February 2009


The universally accepted ideas and norms of a bourgeois audience represent a wall with which it screens itself from the perils of a developing society, and it is the bourgeois artist’s job to preserve this wall intact. Contact with the richness of the outer world must inevitably be alarming for the bourgeois artist. Whereas with our audience and our artists it is, of course, quite different.

– Vsevolod Illarionovich Pudovkin. Film Technique and Film Acting (1929). New York: Grove Press, 1976, p. 266.

America, you have it better
than our continent, the old one,
you have no ruined castles
and no basalts.

Your inner self is not troubled,
when it is time for living,
by pointless memories
and futile strife.

Use the present fortunately!
And if your children write verses,
may a happy fate protect them
from tales of knights, brigades and ghosts.

– Johann Wolfgang von Goethe, “To The United States”(1831), Franco Moretti, trans. In Franco Moretti. Modern Epic: The World-System From Goethe to García Márquez. London ; New York: Verso, 1996, 35.

… the world is a multiplicity of worlds, and its unity is the mutual sharing and exposition of all its worlds—
within this world.

– Jean-Luc Nancy. Being Singular Plural. Stanford, Calif.: Stanford University Press, 2000: 185.

It may be important that in [fascist] visual culture, images of power, particularly when manifest in the person of the leader, were uncoupled from the constraint of their natural dimensions. Hitler could be enormous on a cinema screen and then shrink down to the size of a poster or postcard. This elasticity of scale was an essential element in the quality of his calculated, superhuman stature.

– Paul Gilroy. “Hitler Wore Khakis: Icons, Propaganda, and Aesthetic Politics.” In Against Race: Imagining Political Culture Beyond the Color Line, 150. Cambridge, Mass: Belknap Press of Harvard University Press, 2000.

Why is ending the silence on Hegel and Haiti important? Given Hegel’s ultimate concession to slavery’s continuance–moreover, given the fact that Hegel’s philosophy of history has provided for two centuries a justification for the most complacent forms of Eurocentrism (Hegel was perhaps always a cultural racist if not a biological one)–why is it of more than arcane interest to retrieve from oblivion this fragment of history, the truth of which has managed to slip away from us? There are many possible answers, but one is surely the potential for rescuing the idea of universal human history from the uses to which white domination has put it. If the historical facts about freedom can be ripped out of the narratives told by the victors and salvaged for our own time, then the project of universal freedom does not need to be discarded but, rather, redeemed and reconstituted on a different basis. Hegel’s moment of clarity of thought would need to be juxtaposed to that of others at the time: Toussaint-Louverture, Wordsworth, the Abbe Gregoire, even Dessalines. For all his brutality and revenge against whites, Dessalines saw the realities of European racism most clearly. Even more, Hegel’s moment would need to be juxtaposed to the moments of clarity in action: the French soldiers sent by Napoleon to the colony who, upon hearing these former slaves singing the “Marseillaise,” wondered aloud if they were not fighting on the wrong side; the Polish regiment under Leclerc’s command who disobeyed orders and refused to drown six hundred captured Saint-Domiguans. There are many examples of such clarity, and they belong to no side, no one group exclusively. What if every time that the consciousness of individuals surpassed the confines of present constellations of power in perceiving the concrete meaning of freedom, this were valued as a moment, however transitory, of the realization of absolute spirit? What other silences would need to be broken? What undisciplined stories would be told?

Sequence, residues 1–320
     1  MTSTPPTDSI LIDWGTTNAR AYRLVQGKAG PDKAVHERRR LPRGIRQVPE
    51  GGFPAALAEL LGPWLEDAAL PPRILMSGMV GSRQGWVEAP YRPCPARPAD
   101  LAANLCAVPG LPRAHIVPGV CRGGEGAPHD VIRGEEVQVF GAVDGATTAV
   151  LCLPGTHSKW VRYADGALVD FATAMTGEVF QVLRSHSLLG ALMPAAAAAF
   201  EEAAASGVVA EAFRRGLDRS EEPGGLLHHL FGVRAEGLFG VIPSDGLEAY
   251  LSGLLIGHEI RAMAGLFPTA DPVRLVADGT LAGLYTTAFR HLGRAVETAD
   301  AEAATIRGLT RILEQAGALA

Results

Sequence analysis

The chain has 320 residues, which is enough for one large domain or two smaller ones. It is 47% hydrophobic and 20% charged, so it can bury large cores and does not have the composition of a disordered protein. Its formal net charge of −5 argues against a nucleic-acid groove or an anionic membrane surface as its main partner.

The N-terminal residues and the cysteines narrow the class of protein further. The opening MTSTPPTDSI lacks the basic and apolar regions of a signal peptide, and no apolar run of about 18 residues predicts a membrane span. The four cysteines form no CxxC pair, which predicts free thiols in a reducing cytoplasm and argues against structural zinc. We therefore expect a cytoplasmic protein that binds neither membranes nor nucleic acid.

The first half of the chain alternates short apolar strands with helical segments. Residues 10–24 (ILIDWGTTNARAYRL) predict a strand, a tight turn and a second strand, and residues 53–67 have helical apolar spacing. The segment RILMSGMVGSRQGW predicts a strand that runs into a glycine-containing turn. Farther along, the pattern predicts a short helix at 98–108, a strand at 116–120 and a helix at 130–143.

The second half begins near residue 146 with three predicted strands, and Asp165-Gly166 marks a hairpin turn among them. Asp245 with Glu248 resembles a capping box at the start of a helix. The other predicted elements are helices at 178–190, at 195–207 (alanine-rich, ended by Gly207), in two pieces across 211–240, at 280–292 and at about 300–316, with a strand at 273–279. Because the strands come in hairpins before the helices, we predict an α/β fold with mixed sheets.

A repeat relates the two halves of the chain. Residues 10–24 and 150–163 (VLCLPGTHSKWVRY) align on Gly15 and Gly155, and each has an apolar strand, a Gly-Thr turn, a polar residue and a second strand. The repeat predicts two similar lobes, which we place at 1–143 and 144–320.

– Susan Buck-Morss. “Hegel and Haiti.” Critical Inquiry 26, no. 4 (2000): 864-65.